Safety Information: Most visits to South Korea are trouble-free. The crime rate against foreigners is low but it is still advisable to use sensible precautions, particularly in safeguarding passports, money and credit cards in crowded areas. The political situation is generally stable but visitors should exercise caution and follow the advice of local authorities around the demilitarised zone, which has been present since the Korean peninsula was divided in 1953. Peace is maintained under an armistice agreement, but no formal peace treaty has ever been signed.
Local Customs: English is not widely spoken or understood, so it's best to have instructions written down in Korean when using taxis or other local services. It is advisable to carry some form of identification at all times. Social harmony is crucial and public anger or criticism that causes an individual to 'lose face' or dignity is a serious breach of etiquette. Koreans will go out of their way to maintain a comfortable situation. Guests should remove their shoes when entering a Korean home, guesthouse, temple or Korean-style restaurant.
Business: The increase in trade with Western countries has meant that Koreans do not expect visitors to understand all the nuances of their culture; however, attempts to respect traditions are appreciated. Koreans dress conservatively and formally and it is important to do the same. Koreans like to do business with people whom they know and often introductions via a third known party are necessary. Greetings often consist of a bow, followed by a handshake. Introductions are very important and establish the hierarchy, often according to age, which is to be observed and respected. Usually the most important person will be introduced first. Greetings and pleasantries in Korean will be appreciated, including 'an-yong-ha-say-yo' (hello), and 'kam-sa-ham-ni-da' (thank you). Business card etiquette is vital: cards should be given and received with both hands, with the details translated from English into Korean or Chinese on the alternate side, and must be treated with the utmost respect. Each one is to be read carefully and the name acknowledged. It is important, when issuing cards, not to stack them or keep them in one's wallet or purse. Koreans are referred to by their surnames or family names first and given names second, and it is best to ask in advance how to address the person. The giving of gifts is appreciated and often reciprocated. Business hours are generally 9am to 6pm Monday to Friday.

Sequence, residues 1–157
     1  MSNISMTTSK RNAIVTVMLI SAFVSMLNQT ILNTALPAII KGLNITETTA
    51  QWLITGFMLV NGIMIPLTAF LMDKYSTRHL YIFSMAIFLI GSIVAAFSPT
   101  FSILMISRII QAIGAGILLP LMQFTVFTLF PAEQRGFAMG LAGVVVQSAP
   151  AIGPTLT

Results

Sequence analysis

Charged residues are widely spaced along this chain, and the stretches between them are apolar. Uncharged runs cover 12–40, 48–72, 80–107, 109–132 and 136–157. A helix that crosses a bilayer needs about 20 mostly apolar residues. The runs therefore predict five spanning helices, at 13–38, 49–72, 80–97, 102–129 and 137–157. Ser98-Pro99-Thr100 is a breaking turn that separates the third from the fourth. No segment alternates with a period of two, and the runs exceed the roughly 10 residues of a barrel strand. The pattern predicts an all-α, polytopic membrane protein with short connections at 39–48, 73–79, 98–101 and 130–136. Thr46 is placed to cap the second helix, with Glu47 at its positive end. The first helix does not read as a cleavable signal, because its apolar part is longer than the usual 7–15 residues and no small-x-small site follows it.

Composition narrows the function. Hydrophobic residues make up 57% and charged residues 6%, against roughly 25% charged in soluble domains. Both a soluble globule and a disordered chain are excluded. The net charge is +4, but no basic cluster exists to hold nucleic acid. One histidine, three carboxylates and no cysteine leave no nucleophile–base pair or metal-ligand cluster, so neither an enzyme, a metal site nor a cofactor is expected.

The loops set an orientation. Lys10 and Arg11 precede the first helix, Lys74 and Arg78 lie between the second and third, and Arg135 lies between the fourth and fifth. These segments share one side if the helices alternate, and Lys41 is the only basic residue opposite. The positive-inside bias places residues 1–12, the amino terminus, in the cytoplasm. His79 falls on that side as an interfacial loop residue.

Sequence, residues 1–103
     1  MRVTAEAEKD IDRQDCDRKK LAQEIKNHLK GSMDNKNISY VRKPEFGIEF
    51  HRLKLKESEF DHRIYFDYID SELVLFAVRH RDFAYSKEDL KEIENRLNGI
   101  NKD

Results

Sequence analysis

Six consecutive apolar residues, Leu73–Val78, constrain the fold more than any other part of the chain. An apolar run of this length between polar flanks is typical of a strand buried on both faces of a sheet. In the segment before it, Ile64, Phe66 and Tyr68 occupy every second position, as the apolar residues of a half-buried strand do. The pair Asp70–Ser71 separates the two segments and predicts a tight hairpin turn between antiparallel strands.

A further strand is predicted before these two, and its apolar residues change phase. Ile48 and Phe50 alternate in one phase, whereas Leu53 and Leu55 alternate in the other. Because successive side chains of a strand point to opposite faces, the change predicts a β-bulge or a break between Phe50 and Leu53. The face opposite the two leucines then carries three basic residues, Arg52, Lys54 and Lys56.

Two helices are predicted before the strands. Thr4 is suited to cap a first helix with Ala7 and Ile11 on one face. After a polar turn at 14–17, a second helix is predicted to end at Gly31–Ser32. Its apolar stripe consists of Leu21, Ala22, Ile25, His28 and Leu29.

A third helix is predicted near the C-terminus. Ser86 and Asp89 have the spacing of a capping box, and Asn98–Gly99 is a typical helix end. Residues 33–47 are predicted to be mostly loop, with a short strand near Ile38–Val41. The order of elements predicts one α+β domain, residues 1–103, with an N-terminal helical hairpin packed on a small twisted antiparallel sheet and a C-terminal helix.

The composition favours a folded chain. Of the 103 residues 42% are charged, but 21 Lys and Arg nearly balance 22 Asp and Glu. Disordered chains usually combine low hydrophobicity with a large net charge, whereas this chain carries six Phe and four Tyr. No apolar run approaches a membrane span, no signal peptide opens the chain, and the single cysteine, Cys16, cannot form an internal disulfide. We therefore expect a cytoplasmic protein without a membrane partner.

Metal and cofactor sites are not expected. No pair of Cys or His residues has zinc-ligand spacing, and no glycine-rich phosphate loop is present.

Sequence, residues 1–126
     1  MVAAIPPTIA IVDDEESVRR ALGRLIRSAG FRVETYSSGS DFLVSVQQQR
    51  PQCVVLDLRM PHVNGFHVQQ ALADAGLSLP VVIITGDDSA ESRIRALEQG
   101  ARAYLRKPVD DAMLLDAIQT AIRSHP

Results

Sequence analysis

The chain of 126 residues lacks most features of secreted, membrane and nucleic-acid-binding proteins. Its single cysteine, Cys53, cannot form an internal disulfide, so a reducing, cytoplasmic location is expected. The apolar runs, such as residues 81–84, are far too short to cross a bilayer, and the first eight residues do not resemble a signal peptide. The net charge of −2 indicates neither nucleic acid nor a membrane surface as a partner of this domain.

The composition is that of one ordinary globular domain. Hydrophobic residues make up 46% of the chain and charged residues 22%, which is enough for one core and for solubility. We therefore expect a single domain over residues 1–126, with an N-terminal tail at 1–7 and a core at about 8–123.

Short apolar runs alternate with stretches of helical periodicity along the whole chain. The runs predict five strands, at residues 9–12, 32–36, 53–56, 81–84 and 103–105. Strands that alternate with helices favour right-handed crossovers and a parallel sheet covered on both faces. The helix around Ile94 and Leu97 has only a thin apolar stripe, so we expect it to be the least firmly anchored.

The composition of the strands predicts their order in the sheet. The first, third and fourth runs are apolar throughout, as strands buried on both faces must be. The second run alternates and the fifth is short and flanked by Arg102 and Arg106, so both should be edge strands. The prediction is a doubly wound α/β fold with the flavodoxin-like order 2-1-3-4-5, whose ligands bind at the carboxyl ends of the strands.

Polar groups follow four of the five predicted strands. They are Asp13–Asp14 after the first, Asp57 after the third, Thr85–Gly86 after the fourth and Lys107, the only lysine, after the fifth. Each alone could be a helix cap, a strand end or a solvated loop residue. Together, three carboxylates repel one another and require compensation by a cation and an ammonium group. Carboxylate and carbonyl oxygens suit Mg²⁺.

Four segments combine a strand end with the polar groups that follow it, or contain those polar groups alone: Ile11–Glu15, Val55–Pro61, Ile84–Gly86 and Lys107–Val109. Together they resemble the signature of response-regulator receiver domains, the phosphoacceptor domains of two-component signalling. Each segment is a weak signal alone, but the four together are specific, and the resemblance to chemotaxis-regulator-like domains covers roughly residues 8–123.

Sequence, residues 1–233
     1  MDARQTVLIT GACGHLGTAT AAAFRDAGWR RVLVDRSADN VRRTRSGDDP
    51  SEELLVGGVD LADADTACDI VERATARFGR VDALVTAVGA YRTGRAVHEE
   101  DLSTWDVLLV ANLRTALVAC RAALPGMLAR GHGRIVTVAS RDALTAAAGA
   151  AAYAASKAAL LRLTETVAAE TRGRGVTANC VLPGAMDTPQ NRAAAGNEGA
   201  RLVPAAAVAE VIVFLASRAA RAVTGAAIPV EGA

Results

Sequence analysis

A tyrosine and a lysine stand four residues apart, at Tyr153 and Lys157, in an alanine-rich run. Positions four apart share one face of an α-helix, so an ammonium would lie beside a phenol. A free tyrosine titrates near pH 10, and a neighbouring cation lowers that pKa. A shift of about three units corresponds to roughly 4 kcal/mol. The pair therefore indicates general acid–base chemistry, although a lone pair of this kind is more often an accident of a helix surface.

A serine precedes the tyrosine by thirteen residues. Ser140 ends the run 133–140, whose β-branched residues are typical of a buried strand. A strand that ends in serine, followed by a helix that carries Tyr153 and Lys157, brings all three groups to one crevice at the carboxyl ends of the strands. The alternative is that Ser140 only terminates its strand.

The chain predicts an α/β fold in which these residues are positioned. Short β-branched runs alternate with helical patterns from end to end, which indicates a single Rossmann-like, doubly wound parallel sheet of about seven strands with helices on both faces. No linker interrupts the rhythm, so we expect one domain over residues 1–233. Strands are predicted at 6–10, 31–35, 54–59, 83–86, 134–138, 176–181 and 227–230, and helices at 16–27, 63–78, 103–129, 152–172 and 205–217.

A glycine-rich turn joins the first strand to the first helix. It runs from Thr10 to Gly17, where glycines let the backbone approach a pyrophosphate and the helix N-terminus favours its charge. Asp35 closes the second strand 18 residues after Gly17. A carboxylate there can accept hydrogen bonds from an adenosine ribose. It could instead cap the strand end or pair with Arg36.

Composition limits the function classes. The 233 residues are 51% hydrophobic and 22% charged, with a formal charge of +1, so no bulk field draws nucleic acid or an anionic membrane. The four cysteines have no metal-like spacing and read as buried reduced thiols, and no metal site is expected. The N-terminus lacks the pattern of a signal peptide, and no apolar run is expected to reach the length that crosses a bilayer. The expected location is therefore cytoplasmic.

Communications: The international dialling code for South Korea is +82. Telecommunications are well developed.
Duty free: Travellers (over the age of 19) arriving in South Korea may bring in the following items free of customs duty: 200 cigarettes or 50 cigars or 250g tobacco products; 60ml perfume; 1 litre of alcohol; and gifts valued at not more than $600. Products from communist countries are prohibited, as are fruit, seeds and any published or recorded material deemed to be subversive or obscene.


Travel Guide powered by Word Travels, copyright © 2020 Globe Media Ltd. All rights reserved. By its very nature much of the information in this guide is subject to change at short notice and travellers are urged to verify information on which they're relying with the relevant authorities. Neither Globe Media nor The Global Travel Group can accept any responsibility for any loss or inconvenience to any person as a result of information contained above.